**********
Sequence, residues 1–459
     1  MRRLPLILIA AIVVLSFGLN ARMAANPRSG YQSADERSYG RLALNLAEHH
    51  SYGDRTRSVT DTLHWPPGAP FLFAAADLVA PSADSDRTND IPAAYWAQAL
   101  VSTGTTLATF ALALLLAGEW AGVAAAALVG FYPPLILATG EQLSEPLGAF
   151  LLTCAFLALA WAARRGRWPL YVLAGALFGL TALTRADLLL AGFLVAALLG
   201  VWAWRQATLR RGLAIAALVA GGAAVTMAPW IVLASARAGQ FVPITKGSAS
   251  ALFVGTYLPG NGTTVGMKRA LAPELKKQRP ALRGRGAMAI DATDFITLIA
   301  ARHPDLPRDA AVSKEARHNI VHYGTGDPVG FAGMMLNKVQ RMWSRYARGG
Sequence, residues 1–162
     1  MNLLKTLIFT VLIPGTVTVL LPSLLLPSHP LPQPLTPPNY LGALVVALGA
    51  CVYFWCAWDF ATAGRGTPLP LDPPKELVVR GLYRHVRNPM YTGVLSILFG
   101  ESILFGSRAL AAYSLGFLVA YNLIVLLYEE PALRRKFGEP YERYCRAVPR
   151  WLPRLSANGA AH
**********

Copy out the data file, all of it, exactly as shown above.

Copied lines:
Sequence, residues 1–459
     1  MRRLPLILIA AIVVLSFGLN ARMAANPRSG YQSADERSYG RLALNLAEHH
    51  SYGDRTRSVT DTLHWPPGAP FLFAAADLVA PSADSDRTND IPAAYWAQAL
   101  VSTGTTLATF ALALLLAGEW AGVAAAALVG FYPPLILATG EQLSEPLGAF
   151  LLTCAFLALA WAARRGRWPL YVLAGALFGL TALTRADLLL AGFLVAALLG
   201  VWAWRQATLR RGLAIAALVA GGAAVTMAPW IVLASARAGQ FVPITKGSAS
   251  ALFVGTYLPG NGTTVGMKRA LAPELKKQRP ALRGRGAMAI DATDFITLIA
   301  ARHPDLPRDA AVSKEARHNI VHYGTGDPVG FAGMMLNKVQ RMWSRYARGG
Sequence, residues 1–162
     1  MNLLKTLIFT VLIPGTVTVL LPSLLLPSHP LPQPLTPPNY LGALVVALGA
    51  CVYFWCAWDF ATAGRGTPLP LDPPKELVVR GLYRHVRNPM YTGVLSILFG
   101  ESILFGSRAL AAYSLGFLVA YNLIVLLYEE PALRRKFGEP YERYCRAVPR
   151  WLPRLSANGA AH